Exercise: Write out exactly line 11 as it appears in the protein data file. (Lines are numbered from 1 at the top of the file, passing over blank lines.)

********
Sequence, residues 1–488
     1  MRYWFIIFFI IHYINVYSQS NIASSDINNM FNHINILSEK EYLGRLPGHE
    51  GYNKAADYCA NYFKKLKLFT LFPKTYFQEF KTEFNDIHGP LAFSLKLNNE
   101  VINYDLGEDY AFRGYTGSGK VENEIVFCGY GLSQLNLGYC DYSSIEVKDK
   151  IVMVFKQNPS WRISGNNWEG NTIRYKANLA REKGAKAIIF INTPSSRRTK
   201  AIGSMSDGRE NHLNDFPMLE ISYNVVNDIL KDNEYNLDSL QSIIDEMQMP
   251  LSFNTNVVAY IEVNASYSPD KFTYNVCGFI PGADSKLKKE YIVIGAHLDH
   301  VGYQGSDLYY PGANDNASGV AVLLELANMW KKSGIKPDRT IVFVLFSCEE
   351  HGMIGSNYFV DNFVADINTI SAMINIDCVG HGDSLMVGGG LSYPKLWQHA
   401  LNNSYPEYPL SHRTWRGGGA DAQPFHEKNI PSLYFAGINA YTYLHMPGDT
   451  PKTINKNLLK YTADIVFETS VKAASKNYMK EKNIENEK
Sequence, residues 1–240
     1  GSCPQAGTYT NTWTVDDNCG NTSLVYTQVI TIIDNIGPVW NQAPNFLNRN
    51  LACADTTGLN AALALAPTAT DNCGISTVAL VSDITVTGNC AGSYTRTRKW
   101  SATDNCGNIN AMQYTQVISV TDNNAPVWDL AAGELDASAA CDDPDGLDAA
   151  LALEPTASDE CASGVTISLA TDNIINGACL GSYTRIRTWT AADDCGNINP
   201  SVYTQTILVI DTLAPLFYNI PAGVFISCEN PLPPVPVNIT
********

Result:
   451  PKTINKNLLK YTADIVFETS VKAASKNYMK EKNIENEK